The Emperor of All Maladies: A Biography of Cancer: An absolutely fascinating book. It traces the history of cancer and its treatment, highlighting all of the ways in which medical science has gotten things wrong in the past and how cancer treatment has only recently evolved beyond blindly poisoning the body. Not a lot of scientific content, but more than enough to keep me interested.
Food and Western Disease: Staffan Lindenberg is a physician from Sweden who is best known for the Kitava Study. This book is a systematic review of the evidence regarding dietary causes of western disease such as cancer, diabetes, and heart disease. He's clearly an advocate for the paleo diet, but he seems pretty fair in saying when the evidence does or does not fit with that approach. Definitely worth reading.
The Queen of Fats: This is a relatively obscure book from a university press, but turned out to be a great read. The writer is not a scientist but does a decent job of covering the science, while still making the story engaging and fun. It has definitely changed how I think about food.
The Immortal Life of Henrietta Lacks: I found this book fairly engaging, though it was a bit too tilted towards the drama of the writer's journey versus the story itself. What I found most interesting were the stories about how absolutely messed up the Lacks family was (e.g., the children were all partly deaf due to a combination of inbreeding and neurosyphilis). However, I would have liked more scientific content. I would definitely recommend this book as background for human researchers as it really highlights the reasons why we have such strict control over human research today.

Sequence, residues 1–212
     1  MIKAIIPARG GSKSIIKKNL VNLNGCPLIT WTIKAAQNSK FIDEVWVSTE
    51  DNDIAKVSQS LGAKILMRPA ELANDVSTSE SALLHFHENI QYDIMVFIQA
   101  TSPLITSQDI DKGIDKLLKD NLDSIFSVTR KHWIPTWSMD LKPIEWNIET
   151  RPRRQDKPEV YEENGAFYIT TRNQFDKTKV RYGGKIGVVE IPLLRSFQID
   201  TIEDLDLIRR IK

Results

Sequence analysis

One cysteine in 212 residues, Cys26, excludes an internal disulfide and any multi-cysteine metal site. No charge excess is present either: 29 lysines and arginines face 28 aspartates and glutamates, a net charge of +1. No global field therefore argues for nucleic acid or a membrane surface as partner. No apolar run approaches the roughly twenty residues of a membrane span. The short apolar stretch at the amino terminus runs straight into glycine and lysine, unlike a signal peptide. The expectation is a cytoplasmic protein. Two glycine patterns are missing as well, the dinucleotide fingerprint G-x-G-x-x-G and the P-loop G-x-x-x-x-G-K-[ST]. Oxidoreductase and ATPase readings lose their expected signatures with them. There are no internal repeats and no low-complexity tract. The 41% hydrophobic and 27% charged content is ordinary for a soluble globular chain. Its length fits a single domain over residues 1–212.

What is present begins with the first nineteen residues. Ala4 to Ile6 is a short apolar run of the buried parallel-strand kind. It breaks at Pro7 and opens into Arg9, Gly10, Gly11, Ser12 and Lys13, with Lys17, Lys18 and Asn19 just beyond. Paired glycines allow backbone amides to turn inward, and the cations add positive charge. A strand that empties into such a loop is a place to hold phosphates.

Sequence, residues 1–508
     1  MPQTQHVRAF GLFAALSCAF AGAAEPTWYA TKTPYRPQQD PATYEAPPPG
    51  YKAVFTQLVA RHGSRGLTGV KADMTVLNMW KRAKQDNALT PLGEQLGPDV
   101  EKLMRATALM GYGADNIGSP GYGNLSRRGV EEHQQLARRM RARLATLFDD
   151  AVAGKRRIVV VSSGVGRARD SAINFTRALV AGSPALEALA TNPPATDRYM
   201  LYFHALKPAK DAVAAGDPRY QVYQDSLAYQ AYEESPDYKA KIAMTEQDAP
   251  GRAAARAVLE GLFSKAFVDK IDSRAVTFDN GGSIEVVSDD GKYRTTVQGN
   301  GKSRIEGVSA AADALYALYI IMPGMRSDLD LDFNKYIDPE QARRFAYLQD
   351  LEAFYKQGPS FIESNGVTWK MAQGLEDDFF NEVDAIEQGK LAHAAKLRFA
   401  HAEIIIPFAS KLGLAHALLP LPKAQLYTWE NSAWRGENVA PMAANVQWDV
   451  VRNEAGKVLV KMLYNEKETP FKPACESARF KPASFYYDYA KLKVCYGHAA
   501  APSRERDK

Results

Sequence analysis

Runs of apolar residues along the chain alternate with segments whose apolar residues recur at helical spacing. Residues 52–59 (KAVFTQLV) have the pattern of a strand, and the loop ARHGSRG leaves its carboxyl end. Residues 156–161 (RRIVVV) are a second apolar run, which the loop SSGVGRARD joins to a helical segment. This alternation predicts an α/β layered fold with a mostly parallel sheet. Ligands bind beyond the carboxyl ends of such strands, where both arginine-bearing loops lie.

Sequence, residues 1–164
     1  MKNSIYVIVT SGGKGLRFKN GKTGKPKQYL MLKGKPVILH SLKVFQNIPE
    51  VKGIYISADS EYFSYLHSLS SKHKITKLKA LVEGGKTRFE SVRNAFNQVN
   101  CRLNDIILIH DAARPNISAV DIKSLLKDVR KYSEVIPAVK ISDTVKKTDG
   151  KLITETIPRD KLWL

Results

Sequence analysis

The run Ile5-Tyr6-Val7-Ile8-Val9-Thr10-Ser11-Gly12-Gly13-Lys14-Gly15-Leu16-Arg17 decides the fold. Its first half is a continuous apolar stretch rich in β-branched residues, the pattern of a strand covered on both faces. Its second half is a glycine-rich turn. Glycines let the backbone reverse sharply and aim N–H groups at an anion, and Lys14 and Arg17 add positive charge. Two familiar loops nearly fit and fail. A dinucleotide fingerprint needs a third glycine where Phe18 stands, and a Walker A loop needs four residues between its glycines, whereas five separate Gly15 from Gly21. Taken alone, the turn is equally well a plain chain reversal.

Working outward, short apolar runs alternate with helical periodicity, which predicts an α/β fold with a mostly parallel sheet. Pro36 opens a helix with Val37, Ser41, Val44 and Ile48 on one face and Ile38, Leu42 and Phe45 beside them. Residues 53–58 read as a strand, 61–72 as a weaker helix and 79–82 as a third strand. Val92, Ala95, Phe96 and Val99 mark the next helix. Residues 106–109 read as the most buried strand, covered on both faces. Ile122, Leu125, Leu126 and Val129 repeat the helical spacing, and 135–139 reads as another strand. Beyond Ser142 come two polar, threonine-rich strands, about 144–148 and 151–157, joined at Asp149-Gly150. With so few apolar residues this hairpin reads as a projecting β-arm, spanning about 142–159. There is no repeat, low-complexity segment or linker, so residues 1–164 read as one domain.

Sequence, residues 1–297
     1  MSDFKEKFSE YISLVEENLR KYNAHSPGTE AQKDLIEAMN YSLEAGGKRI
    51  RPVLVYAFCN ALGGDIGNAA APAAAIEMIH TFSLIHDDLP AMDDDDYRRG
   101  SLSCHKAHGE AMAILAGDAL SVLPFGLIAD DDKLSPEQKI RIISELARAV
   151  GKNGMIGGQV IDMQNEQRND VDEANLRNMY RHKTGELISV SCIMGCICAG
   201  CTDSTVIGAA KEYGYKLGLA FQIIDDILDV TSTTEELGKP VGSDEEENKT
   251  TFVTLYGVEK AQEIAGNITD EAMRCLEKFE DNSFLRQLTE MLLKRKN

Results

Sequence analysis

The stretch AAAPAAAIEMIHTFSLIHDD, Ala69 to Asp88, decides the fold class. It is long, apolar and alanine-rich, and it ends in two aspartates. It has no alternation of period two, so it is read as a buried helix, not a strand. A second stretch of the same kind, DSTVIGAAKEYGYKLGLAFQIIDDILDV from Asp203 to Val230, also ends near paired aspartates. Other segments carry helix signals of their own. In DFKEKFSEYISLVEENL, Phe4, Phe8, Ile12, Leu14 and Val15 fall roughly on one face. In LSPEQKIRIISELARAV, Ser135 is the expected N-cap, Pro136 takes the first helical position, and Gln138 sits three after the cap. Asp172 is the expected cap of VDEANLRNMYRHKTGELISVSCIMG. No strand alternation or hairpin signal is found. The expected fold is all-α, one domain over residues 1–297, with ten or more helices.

Superbug: The Fatal Menace of MRSA: I know that I am crazy for reading these kinds of books as they just make one paranoid about infections, but nonetheless I found it really engaging and interesting. Not for the squeamish or hypochondriacal, however.
Do The Work: This is a motivational book targeted largely at writers, but would be really useful for many researchers to read. It discusses how we often get in our own way, and how to get around it. It's definitely a different kind of book from the rest of these, but for anyone who is having trouble getting things done I would highly recommend it.
The Information - A History, A Theory, A Flood: This book is about the history of information theory, and thus will appeal to my geekier friends. Gleick is a great writer, and it starts really strong and does a good job of explaining lots of concepts, but I thought that the end fell really flat. I would recommend only if you are really seriously interested in the topic.
Bossypants: I am generally a big Tina Fey fan and I really wanted to like this, but it just didn't work for me. I made it about 1/3 of the way in before I gave up.
Everything is obvious: *once you know the answer: I absolutely loved Duncan Watts' earlier book, Six Degrees, so I was really excited to read this. In addition, the topic is really fascinating and ripe for the picking. However, I was really disappointed and barely made it through a couple of chapters. The problem is that it's written for executives, and thus is peppered with dumbed-down examples without enough deep explanation. I think it's a great example of how not to write a popular science book.